Network Working Group S. Rao
Request for Comments: 3883 UTA
Updates: 1793 A. Zinin
Category: Standards Track Alcatel
Detecting Inactive Neighbors over OSPF Demand Circuits (DC)
Status of this Memo
This document specifies an Internet standards track protocol for the
Internet community, and requests discussion and suggestions for
improvements. Please refer to the current edition of the "Internet
Official Protocol Standards" (STD 1) for the standardization state
and status of this protocol. Distribution of this memo is unlimited.
Copyright (C) The Internet Society (2004).
OSPF is a link-state intra-domain routing protocol used in IP
networks. OSPF behavior over demand circuits (DC) is optimized in
RFC 1793 to minimize the amount of overhead traffic. A part of the
OSPF demand circuit extensions is the Hello suppression mechanism.
This technique allows a demand circuit to go down when no interesting
traffic is going through the link. However, it also introduces a
problem, where it becomes impossible to detect an OSPF-inactive
neighbor over such a link. This memo introduces a new mechanism
called "neighbor probing" to address the above problem.
In some situations, when operating over demand circuits, the remote
neighbor may be unable to run OSPF [RFC2328], and, as a possible
result, unable to route application traffic. Possible scenarios
o The OSPF process might have died on the remote neighbor.
o Oversubscription (Section 7 of [RFC1793]) may cause a continuous
drop of application data at the link level.
Rao, et al. Standards Track [Page 1]RFC 3883 OSPF DC Inactive Neighbor Detection October 2004
The problem here is that the local router cannot identify problems
such as this, since the Hello exchange is suppressed on demand
circuits. If the topology of the network is such that other routers
cannot communicate their knowledge about the remote neighbor via
flooding, the local router and all the routers behind it will never
know about the problem, so application traffic may continue being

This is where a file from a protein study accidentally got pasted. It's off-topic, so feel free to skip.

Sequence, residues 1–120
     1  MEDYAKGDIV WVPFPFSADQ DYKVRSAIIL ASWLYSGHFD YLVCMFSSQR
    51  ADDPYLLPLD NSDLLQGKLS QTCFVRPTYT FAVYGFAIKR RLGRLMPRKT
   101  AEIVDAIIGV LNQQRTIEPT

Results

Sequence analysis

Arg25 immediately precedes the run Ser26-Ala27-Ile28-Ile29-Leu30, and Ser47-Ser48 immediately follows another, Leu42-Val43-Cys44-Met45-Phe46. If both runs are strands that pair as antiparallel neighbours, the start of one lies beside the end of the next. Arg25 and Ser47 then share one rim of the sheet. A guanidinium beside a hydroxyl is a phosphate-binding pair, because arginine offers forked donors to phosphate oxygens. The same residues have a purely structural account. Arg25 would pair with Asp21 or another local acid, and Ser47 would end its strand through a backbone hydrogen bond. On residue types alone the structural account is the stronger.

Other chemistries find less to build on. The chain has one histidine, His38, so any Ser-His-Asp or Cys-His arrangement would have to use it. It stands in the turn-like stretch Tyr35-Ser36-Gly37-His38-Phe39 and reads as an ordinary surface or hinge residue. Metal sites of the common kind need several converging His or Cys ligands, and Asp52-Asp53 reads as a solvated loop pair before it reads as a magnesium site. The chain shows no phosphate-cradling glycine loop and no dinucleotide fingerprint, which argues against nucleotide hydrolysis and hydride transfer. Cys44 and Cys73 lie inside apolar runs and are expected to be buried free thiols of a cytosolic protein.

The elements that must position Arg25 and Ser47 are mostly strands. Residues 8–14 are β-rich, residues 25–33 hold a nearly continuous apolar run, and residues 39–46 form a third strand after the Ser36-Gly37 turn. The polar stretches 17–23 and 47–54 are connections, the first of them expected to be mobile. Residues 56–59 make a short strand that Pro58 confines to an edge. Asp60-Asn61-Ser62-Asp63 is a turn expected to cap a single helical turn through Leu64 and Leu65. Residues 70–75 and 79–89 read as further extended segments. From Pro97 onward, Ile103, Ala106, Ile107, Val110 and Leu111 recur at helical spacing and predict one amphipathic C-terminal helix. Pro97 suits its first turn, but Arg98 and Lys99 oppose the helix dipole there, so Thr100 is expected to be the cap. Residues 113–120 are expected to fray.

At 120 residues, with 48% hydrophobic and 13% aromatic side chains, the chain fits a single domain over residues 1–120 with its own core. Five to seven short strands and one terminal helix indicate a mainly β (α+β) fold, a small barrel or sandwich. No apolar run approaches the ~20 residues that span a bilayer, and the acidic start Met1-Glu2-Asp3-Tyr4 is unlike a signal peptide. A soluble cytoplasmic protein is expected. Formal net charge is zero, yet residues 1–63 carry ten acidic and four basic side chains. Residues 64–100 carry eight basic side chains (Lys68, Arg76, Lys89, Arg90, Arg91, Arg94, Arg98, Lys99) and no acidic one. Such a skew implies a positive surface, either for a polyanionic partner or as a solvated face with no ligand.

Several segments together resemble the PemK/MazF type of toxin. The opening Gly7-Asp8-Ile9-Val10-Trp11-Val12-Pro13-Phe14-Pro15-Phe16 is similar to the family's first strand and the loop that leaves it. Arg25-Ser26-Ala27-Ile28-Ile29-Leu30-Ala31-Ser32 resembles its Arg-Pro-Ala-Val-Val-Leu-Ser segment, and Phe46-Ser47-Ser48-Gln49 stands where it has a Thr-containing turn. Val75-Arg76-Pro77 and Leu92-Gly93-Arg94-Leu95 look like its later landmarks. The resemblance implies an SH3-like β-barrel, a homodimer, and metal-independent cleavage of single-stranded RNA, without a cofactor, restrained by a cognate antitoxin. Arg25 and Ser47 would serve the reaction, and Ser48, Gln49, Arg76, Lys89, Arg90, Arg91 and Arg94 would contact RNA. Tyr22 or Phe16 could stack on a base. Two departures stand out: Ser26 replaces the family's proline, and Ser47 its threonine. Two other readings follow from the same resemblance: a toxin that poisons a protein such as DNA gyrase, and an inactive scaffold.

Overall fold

forwarded to the OSPF-incapable router.
This memo describes a backward-compatible neighbor probing mechanism
based on the details of the standard flooding procedure followed by
2. Proposed Solution
The solution this document proposes uses the link-state update
packets to detect whether the OSPF process is operational on the
remote neighbor. We call this process "Neighbor probing". The idea
behind this technique is to allow either of the two neighbors
connected over a demand circuit to test the remote neighbor at any
time (see Section 2.1).
The routers across the demand circuit can be connected by either a
point-to-point link, a virtual link, or a point-to-multipoint
interface. The case of routers connected by broadcast networks or
Non-Broadcast Multi-Access (NBMA) links is not considered, since
Hello suppression is not used in these cases (Section 3.2 [RFC1793]).
The neighbor probing mechanism is used as follows. After a router
has synchronized the Link State Database (LSDB) with its neighbor
over the demand circuit, the demand circuit may be torn down if there
is no more application traffic. When application traffic starts
going over the link, the link is brought up. If ospfIfDemandNbrProbe
is enabled, the routers SHOULD probe each other. While the link is
up, the routers may also periodically probe each other every
ospfIfDemandNbrProbeInterval. Neighbor probing should not be
considered as interesting traffic and should not cause the demand
circuit to remain up (relevant details of implementation are outside
of the scope of this document).
The case when one or more of the router's links are oversubscribed
(see section 7 of [RFC1793]) should be considered by the
implementations. In such a situation, even if the link status is up
and application data is being sent on the link, only a limited number
of neighbors are really reachable. To make sure temporarily
unreachable neighbors are not mistakenly declared down, Neighbor
probing should be restricted to those neighbors that are actually
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